Alexandra´s family sitting at a table smiling to the camera
Alexandra’s family

I often found myself comparing my situation to my friends “why were the older siblings of my friends protective, while I, the middle child, felt the responsibility of protecting both my younger and older sisters?” I had to adapt to the realities of life quickly because my sister attended the same school as I did, which unfortunately meant encountering unkindness from other children. This experience left me questioning whether it made me weaker or stronger, but one thing is certain—it was a distressing experience. My childhood differed significantly from what one might consider “normal” because I had to step in and protect my sister from those who failed to understand her and, rather than trying to empathize, chose to target her and, in the process, me as well.

Kirsty: Absolutely, Alex. I completely agree that it was other people who made me realize that disability, and thus my sister, was not accepted by most people beyond my family unit. Even when you aren’t actively protecting a sibling from bullying as you had to, you still begin to understand that the world around you was not made for people with disabilities, whether it’s from inaccessible front doors or unpleasant interactions with strangers. But, since I had yet to find the language for these concerns or questions, I was left feeling isolated in my experience.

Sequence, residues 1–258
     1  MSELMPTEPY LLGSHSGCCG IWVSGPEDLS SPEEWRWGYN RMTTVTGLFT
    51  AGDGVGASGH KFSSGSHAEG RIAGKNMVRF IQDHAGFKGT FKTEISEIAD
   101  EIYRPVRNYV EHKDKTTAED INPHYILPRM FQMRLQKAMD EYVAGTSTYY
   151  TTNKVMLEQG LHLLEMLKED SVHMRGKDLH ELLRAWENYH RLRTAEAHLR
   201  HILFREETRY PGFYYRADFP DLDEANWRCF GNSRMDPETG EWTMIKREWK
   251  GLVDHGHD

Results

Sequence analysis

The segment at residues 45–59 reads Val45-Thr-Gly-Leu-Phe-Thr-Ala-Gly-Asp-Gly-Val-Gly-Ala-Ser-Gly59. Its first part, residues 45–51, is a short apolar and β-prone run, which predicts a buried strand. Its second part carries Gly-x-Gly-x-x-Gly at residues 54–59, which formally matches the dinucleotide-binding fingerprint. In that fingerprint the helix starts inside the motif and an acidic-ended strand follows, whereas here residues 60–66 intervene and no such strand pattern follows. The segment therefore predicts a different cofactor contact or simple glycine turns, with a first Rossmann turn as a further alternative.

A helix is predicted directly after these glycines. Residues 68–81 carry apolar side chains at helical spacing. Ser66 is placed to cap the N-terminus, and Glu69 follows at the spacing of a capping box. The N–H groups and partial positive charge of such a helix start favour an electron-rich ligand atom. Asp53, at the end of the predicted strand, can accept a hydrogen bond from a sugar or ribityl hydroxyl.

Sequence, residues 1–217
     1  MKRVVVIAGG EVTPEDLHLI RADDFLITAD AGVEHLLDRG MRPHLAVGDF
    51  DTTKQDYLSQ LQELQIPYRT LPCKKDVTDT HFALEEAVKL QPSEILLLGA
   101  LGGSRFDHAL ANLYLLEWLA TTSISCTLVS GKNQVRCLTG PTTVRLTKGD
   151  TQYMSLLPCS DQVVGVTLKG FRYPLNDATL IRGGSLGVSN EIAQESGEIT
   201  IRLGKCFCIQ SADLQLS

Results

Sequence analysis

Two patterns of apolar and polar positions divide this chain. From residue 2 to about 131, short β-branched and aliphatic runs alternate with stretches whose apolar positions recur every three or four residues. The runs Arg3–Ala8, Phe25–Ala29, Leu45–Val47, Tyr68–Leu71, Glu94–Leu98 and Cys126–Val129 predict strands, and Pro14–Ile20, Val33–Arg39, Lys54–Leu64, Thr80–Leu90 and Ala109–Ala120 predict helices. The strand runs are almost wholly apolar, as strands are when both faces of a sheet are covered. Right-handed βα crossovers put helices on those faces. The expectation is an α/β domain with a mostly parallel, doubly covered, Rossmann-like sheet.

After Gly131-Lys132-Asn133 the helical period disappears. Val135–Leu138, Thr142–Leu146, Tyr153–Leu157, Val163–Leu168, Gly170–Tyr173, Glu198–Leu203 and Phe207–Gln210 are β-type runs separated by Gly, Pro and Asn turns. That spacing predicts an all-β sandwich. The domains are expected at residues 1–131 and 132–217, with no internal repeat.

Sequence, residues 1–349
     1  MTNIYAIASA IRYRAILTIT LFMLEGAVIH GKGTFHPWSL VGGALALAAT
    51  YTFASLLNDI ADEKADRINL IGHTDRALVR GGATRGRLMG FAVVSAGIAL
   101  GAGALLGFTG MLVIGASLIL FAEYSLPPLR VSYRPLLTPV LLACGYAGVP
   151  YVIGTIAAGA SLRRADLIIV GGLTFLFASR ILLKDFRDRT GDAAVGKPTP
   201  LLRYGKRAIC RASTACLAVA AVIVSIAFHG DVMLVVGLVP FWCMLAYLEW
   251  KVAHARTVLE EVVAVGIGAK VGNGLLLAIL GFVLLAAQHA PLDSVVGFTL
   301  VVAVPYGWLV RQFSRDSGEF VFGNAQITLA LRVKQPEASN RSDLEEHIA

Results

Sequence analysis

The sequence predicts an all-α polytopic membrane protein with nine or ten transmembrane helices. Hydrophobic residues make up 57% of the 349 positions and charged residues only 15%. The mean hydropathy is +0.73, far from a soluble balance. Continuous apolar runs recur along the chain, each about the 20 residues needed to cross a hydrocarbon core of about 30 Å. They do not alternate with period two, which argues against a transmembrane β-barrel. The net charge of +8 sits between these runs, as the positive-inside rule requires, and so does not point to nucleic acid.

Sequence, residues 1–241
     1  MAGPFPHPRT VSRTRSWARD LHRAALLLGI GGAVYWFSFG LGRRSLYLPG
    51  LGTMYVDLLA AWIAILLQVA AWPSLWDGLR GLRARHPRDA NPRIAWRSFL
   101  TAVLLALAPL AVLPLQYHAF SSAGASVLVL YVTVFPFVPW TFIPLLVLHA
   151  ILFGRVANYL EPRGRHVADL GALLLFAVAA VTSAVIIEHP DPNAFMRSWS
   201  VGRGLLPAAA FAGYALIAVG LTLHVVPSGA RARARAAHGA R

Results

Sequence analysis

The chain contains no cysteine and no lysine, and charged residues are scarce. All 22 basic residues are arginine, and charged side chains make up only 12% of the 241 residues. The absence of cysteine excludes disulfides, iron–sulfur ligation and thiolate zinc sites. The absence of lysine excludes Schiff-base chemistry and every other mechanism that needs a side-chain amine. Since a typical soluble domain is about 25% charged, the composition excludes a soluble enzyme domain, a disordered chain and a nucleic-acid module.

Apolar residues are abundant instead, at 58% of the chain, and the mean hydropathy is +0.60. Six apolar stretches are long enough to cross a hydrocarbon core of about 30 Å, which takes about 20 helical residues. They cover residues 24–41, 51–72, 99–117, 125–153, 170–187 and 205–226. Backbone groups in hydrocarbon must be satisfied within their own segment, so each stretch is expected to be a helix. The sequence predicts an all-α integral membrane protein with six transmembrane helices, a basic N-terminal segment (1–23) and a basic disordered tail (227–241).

Transition to Teen Years

Alex: For me the years before my proper teenage years — so before I started high school (15) — were my most difficult ones. During that time, I started doing typical pre-teenage things like going to the movies or visiting friends’ houses. However, there was a unique aspect to my social life – my friends were aware that wherever I went, my sister would come along too. It wasn’t my choice but rather a decision made by my parents, and it created a challenging period in my life that occasionally led to resentment toward them.

Then, as I entered high school, there was a huge change in my life. My parents made the decision to enroll my sister in a special education school. It marked the first time I didn’t have to constantly worry about bullies targeting my sister or fearing over her being alone in the playground. One vivid memory remains etched in my mind, haunting me even now. There was a particular day when I chose to join my friends in the playground, rather than staying by my sister’s side, and the image of her playing alone from a distance still lingers. While I understand that I shouldn’t blame myself, there are moments when I haven’t fully forgiven myself for that.